A Good Look at Cefaly as a Form of Migraine Treatment

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Cefaly is described as a transcutaneous electrical nerve stimulation gadget for the prevention of migraine approved by the FDA in 2014. Since its’ introduction in the market, many been reporting on the availability of the gadget and lots of patients have been inquiring about the efficacy of the device and whether it is best for them.

Before you decide to give Cefaly a try (or any form of migraine treatment for that matter), it would be best to learn how it works. Only then can you decide if it is a good option for you.

What exactly is Cefaly?

In truth, Cefaly is not anything new and is similar to that of other neurostimulators being checked for migraine treatment. Since the trigeminal nerve is associated with migraine, it’s thought that stimulation of it can help with migraine prevention.

If you are wondering where to buy Cefaly , then know that the latter is only available by prescription. On average, the cost of a Cefaly pack is around $299 and $25 for a set of 3 electrodes. Each one can be re-used for up to 20 times.

In terms of design, the device appears like a headband that is used over the temples with an electrode contacting the forehead.  As a preventive measure against migraine, users are advised to use Cefaly for at least 20 minutes per day.

Is Cefaly safe to use?

Approval of Cefaly as a form of migraine treatment was based on two research studies that revealed safety and tolerability of the device. The smaller of the two studies are showing a modest advantage in the decrease of migraine attacks compared to placebo test subjects.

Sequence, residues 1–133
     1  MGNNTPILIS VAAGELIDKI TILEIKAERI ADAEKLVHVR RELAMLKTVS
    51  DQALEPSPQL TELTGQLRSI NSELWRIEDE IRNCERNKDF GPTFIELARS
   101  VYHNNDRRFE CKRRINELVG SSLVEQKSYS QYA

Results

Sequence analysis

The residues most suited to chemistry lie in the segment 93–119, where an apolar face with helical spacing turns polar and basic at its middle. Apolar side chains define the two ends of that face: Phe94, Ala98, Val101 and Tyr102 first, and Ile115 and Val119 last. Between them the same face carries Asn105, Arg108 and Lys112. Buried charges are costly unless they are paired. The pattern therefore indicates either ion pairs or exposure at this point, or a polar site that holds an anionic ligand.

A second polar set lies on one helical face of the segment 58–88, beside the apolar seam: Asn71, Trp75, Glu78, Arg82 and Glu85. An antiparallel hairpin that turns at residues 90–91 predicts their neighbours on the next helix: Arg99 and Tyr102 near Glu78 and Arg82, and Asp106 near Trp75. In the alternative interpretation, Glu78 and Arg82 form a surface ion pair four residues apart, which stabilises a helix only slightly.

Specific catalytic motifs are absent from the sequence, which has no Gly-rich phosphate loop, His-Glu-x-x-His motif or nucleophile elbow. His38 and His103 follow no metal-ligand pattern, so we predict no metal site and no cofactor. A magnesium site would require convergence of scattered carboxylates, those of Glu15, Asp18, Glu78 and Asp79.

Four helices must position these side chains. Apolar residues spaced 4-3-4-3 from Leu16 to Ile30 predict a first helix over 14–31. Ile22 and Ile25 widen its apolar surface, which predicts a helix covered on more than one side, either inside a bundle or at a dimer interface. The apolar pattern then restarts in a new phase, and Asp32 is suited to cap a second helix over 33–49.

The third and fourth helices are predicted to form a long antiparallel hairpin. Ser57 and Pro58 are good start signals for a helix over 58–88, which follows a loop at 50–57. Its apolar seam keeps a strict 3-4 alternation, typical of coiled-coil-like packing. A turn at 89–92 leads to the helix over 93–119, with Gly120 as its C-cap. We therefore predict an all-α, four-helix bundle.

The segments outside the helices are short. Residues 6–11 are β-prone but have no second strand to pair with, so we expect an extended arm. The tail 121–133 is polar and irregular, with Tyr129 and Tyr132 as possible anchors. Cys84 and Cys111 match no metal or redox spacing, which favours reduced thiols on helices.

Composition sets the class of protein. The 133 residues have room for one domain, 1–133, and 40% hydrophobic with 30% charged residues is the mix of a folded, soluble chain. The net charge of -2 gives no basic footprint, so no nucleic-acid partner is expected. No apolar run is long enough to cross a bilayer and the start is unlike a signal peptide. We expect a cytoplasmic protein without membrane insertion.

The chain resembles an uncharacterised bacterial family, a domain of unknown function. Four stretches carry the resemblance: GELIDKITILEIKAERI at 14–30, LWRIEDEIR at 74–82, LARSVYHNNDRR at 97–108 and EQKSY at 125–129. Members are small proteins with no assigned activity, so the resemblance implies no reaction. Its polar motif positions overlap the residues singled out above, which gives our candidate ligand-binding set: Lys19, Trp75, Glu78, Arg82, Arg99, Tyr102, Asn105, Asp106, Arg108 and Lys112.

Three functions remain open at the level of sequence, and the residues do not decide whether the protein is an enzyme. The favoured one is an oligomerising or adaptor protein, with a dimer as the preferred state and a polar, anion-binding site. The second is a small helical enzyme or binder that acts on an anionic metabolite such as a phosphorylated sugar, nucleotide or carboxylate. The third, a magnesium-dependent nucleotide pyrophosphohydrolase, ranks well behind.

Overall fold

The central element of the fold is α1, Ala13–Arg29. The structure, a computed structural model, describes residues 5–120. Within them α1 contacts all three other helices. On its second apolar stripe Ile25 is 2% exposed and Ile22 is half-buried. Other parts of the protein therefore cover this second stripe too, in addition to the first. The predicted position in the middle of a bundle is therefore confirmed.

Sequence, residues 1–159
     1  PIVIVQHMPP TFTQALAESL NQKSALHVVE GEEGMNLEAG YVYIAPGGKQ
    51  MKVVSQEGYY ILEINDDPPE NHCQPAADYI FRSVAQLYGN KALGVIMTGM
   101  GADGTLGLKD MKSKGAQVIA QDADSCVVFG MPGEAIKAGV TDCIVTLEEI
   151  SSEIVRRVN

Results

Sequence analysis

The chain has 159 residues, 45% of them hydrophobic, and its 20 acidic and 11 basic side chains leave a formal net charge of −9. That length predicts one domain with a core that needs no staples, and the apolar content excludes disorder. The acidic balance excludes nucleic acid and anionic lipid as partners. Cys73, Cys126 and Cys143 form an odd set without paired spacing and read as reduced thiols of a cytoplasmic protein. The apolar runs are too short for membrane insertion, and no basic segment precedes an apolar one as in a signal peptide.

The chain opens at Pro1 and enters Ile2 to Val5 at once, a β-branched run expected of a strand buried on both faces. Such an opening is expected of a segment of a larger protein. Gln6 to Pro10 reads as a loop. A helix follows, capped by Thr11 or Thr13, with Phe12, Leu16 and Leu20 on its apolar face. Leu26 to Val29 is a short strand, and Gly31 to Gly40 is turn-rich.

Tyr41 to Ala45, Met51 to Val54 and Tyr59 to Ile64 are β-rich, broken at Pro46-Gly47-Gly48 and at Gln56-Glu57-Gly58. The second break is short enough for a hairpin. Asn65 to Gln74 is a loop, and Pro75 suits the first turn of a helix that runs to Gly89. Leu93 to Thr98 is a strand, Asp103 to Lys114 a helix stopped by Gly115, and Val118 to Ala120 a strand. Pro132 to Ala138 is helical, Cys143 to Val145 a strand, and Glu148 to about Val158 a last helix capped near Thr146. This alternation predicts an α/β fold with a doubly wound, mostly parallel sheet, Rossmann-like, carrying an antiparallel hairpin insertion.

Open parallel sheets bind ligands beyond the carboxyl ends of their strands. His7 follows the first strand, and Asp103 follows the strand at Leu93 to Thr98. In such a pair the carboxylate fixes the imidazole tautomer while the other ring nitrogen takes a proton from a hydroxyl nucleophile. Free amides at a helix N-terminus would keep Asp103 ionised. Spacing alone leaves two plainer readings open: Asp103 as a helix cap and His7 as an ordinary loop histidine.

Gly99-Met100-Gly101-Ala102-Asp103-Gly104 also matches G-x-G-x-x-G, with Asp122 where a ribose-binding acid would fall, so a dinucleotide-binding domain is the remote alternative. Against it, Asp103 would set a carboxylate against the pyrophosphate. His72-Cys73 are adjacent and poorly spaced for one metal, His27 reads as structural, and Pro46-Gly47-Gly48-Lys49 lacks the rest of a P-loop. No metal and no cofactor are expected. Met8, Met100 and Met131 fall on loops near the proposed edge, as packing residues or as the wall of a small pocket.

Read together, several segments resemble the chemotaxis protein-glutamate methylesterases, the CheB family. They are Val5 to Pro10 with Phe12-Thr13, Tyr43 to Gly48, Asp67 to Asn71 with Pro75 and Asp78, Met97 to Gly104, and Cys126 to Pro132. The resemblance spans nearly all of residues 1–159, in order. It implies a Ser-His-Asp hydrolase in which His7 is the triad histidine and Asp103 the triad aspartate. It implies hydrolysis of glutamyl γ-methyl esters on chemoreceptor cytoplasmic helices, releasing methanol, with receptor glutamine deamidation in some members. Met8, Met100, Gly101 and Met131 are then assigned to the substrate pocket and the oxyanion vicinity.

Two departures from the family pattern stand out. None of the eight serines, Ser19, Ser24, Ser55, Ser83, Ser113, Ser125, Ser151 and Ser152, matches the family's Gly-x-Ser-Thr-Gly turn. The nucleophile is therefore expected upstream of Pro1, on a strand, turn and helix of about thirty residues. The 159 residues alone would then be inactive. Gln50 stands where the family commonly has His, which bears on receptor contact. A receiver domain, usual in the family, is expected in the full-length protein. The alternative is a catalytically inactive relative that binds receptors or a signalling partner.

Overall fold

The study was small consisting of only 67 patients with approximately nearly seven migraine days per month. Nevertheless, Cefaly reviews in Australia have been consistent with the findings showing a significant distinction between the active device and placebo device. On average, Cefaly reduced cases of migraine attacks from 7 days per month to under five days per month.

A more critical survey research study was conducted of 2,313 migraine patients who leased the gadget for a 40-day duration. This study found that 54% of patients were pleased with the device and going to acquire it.2 In both research studies, there were not any seriously unfavourable results, and most unfavourable occurrences were minor.

Is Cefaly the right migraine treatment for you?

It is presently too early to make any conclusive statements about the long-term and sustained effectiveness of Cefaly. Additional research studies would be advantageous to offer additional information regarding precisely what patient demographics best responded to the treatment and whether the results provide a brief or sustained advantage.

Because there are relatively few side effects or considerable possible consequences, it might be a beneficial tool to have readily available for patients who are either reluctant to attempt other preventive regimens.

In conclusion, Cefaly’s effectiveness as a form of migraine prevention can only be proven with time. What is for sure is that Cefaly has an enduring impact that will help set the stage for advancing better and safer methods for treating migraine.